Thermite may be used for repair by the welding in-place of thick steel sections such as locomotive axle-frames where the repair can take place without removing the part from its installed location.

Thermite can be used for quickly cutting or welding steel such as rail tracks, without requiring complex or heavy equipment. However, defects such as slag inclusions and voids (holes) are often present in such welded junctions and great care is needed to operate the process successfully. The numerical analysis of thermite welding of rails has been approached similar to casting cooling analysis. Both this finite element analysis and experimental analysis of thermite rail welds has shown that weld gap is the most influential parameter affecting defect formation. Increasing weld gap has been shown to reduce shrinkage cavity formation and cold lap welding defects, and increasing preheat and thermite temperature further reduces these defects. However, reducing these defects promotes a second form of defect: microporosity. Care must also be taken to ensure that the rails remain straight, without resulting in dipped joints, which can cause wear on high speed and heavy axle load lines.

A thermite reaction, when used to purify the ores of some metals, is called the thermite process, or aluminothermic reaction. An adaptation of the reaction, used to obtain pure uranium, was developed as part of the Manhattan Project at Ames Laboratory under the direction of Frank Spedding. It is sometimes called the Ames process.

Copper thermite is used for welding together thick copper wires for the purpose of electrical connections. It is used extensively by the electrical utilities and telecommunications industries (exothermic welded connections).

Thermite hand grenades and charges are typically used by armed forces in both an anti-materiel role and in the partial destruction of equipment; the latter being common when time is not available for safer or more thorough methods. For example, thermite can be used for the emergency destruction of cryptographic equipment when there is a danger that it might be captured by enemy troops. Because standard iron-thermite is difficult to ignite, burns with practically no flame and has a small radius of action, standard thermite is rarely used on its own as an incendiary composition. In general, an increases in the volume of gaseous reaction products of a thermite blend increases the heat transfer rate (and therefore damage) of that particular thermite blend. It is more usually used with other ingredients that increase its incendiary effects. Thermate-TH3 is a mixture of thermite and pyrotechnic additives that have been found superior to standard thermite for incendiary purposes. Its composition by weight is generally about 68.7% thermite, 29.0% barium nitrate, 2.0% sulfur, and 0.3% of a binder (such as PBAN). The addition of barium nitrate to thermite increases its thermal effect, produces a larger flame, and significantly reduces the ignition temperature. Although the primary purpose of Thermate-TH3 by the armed forces is as an incendiary anti-materiel weapon, it also has uses in welding together metal components.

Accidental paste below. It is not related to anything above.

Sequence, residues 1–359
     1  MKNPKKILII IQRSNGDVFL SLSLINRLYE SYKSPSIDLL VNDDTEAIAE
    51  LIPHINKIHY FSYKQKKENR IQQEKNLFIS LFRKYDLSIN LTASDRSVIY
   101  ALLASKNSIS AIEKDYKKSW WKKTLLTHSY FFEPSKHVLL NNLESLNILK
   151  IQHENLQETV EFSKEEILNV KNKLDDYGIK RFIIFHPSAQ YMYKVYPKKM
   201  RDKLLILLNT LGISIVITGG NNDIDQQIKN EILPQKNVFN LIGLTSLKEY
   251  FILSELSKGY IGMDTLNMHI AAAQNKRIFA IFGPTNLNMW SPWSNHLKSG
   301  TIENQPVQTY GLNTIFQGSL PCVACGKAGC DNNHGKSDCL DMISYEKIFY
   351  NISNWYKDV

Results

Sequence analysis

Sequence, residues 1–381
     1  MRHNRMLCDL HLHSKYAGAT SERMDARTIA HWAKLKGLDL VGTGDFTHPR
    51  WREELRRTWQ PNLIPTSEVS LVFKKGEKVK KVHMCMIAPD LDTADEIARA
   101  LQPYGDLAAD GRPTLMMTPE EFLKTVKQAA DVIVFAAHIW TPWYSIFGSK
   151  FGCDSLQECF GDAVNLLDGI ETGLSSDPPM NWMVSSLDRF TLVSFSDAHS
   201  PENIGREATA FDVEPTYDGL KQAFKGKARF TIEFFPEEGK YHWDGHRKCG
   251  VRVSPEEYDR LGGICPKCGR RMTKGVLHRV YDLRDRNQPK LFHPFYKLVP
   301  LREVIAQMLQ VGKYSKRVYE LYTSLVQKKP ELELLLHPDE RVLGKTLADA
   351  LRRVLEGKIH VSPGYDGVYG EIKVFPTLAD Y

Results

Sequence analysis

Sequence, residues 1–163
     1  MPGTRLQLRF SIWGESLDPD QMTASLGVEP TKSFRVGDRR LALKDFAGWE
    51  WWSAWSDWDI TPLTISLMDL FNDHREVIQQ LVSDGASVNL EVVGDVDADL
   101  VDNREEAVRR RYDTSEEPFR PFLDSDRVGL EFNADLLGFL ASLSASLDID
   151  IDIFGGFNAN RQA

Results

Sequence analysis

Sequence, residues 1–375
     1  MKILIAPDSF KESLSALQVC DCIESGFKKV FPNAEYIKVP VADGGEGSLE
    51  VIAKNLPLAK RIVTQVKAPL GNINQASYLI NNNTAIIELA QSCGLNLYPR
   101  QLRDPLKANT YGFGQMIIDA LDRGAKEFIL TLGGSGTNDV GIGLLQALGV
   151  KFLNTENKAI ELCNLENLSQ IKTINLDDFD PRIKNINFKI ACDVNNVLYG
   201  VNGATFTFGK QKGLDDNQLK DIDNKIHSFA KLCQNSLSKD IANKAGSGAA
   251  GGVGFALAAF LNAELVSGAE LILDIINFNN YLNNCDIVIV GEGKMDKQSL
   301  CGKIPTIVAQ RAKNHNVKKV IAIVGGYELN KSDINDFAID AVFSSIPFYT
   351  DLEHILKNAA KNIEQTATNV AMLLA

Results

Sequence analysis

A classic military use for thermite is disabling artillery pieces, and it has been used for this purpose since World War II, such as at Pointe du Hoc, Normandy. Thermite can permanently disable artillery pieces without the use of explosive charges, and therefore thermite can be used when silence is necessary to an operation. This can be done by inserting one or more armed thermite grenades into the breech and then quickly closing it; this welds the breech shut and makes loading the weapon impossible. Alternatively, a thermite grenade discharged inside the barrel of the gun fouls the barrel, making the weapon dangerous to fire. Thermite can also weld the traversing and elevation mechanism of the weapon, making it impossible to aim properly.[citation needed]